Together, the Fuel Security Services Payment and the minimum stockholding obligation will secure our supplies into the future. These measures will also assist in Australia's commitment to meeting our obligation as a member of the International Energy Agency.
Firstly, to the minimum stockholding obligation, which will guarantee a baseline level of key transport stocks at all times.
The obligation will see Australia's jet fuel, petrol and diesel stocks maintained at 2018-19 average consumption levels at the very least. This first stage commences on 1 July 2022.
Diesel stocks will then be increased by 40 per cent from July 2024. This is due to the critical importance of diesel. It is the most important and versatile fuel needed to protect us during a fuel disruption. Our farmers, emergency services and industry all rely on diesel to keep moving.
This Bill builds on our previous announcement to fund the construction of a significant new domestic fuel storage capacity through the Government's $200 million Boosting Australia's Diesel Storage Program. The program supports implementation of the minimum stockholding obligation by providing co-funding for the construction of the additional storage capacity that will be required by these measures.
We will continue to work with industry over the rest of the year as we draft the subordinate legislation to support the implementation of the minimum stockholding obligation in readiness for 2022.
This Bill also ensures the future of our local refineries. We will protect jobs, our economy, and our ability to refine domestic crude oil in times of emergency.
Viva and Ampol have agreed to remain in operations until mid-2027 contingent on this legislation being enacted.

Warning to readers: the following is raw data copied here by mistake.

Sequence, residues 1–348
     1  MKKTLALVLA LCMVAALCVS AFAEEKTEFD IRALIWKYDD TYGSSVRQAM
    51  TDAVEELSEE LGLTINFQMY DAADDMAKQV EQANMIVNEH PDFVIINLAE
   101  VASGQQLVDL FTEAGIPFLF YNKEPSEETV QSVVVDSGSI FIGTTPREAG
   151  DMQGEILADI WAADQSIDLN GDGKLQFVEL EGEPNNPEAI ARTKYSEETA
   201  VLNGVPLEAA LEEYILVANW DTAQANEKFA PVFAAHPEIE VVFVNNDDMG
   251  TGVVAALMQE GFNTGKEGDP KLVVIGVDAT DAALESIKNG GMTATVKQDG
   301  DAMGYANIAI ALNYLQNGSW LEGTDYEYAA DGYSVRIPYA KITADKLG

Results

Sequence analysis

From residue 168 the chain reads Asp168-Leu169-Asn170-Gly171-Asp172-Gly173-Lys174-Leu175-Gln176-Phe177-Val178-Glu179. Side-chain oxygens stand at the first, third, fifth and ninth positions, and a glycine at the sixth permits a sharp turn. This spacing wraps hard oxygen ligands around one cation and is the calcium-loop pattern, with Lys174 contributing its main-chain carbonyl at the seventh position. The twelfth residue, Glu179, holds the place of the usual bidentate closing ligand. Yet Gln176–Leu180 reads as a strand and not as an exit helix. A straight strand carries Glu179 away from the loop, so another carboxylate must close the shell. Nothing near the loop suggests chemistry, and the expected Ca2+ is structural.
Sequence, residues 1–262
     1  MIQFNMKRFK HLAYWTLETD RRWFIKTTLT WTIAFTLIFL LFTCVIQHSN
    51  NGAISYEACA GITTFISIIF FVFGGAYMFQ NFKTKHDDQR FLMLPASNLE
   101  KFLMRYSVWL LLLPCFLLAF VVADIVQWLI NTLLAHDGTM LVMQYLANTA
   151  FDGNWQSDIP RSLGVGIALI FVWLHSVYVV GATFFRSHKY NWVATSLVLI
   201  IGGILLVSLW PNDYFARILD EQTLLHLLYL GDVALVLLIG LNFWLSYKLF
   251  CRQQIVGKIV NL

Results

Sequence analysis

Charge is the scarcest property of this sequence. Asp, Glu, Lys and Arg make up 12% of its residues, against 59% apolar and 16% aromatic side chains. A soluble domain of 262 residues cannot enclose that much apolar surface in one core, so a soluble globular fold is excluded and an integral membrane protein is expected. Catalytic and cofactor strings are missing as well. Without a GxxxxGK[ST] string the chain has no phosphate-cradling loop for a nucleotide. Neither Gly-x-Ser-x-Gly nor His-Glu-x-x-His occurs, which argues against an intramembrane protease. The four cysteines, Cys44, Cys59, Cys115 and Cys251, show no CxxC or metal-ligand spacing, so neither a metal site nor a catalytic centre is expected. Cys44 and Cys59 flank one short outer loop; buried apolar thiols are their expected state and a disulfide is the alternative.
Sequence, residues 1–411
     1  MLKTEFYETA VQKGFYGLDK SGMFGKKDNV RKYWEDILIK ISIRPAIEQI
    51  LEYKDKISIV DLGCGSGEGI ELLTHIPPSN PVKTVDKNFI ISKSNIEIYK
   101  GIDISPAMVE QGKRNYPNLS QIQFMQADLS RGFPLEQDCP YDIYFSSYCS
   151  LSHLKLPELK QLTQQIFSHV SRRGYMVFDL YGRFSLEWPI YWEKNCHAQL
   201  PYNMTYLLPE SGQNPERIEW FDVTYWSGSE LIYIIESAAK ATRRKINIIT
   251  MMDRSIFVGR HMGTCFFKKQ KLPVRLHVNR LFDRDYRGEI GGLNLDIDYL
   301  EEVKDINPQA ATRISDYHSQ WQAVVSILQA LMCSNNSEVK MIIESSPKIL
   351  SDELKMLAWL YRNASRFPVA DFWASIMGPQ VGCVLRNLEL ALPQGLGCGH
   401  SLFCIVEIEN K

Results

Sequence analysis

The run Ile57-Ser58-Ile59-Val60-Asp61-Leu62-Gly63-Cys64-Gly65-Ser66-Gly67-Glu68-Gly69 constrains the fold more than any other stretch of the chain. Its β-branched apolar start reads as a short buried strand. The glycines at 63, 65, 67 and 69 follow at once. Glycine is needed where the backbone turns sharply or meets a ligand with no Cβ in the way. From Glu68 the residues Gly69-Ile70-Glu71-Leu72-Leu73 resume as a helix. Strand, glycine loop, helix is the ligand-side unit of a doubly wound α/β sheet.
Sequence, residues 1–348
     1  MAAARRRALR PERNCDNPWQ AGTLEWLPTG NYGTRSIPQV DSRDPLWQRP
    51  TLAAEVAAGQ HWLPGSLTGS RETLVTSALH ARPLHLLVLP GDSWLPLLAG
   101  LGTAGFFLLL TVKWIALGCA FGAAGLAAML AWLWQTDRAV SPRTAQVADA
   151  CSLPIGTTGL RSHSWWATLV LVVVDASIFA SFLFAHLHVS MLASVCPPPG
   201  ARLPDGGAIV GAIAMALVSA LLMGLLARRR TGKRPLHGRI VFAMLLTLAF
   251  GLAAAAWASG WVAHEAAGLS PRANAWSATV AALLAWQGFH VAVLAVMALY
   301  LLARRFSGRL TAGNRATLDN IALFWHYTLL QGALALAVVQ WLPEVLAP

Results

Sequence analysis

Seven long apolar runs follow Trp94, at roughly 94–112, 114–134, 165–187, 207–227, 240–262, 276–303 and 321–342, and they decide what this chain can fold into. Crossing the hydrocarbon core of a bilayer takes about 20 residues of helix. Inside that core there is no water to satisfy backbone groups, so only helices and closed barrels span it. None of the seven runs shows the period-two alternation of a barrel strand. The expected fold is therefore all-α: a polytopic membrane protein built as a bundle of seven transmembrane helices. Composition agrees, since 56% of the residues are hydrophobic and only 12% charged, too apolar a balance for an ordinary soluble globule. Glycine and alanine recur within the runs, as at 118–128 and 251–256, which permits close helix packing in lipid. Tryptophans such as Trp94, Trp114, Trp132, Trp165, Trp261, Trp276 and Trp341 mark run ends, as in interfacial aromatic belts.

The Government made clear its intention to provide support in September last year, with both BP and Exxon's decisions coming after this initial announcement.
Both Exxon and BP made clear that those decisions were based on commercial factors and were not a reflection of local policy settings.
As Frederic Baudry, the head of BP in Australia said:
" There is no amount of cash the government could have offered to us, given our own economic situation and strategy, that would have made this viable" .
At the time, Nathan Fay, Chairman of ExxonMobil Australia, said:
"We extend our thanks to the federal government for the significant support offered to Altona and other refineries. Our decision to convert our facility to a terminal is not a reflection of those efforts."
For Viva and Ampol - to put it very simply - without the ongoing support guaranteed through this Bill, it is likely Australia's remaining refineries will close within the next five years.
This would mean Australia would be 100 per cent dependent on overseas supply chains to meet our fuel needs. It would also result in over 1,000 direct job losses, and investment being taken out of local communities.
Locking-in our refineries is a matter of national security, of Australia's sovereignty and our resilience as a nation.
The Government is introducing this Bill because we believe the role our domestic refineries play is critical to our nation.
The Fuel Security Services Payment detailed in this Bill will provide refineries an assurance that when times are tough, they will be supported in the form of a payment which will limit their downside risk. To protect the taxpayer, the Government will not be paying the refineries when they are making profits.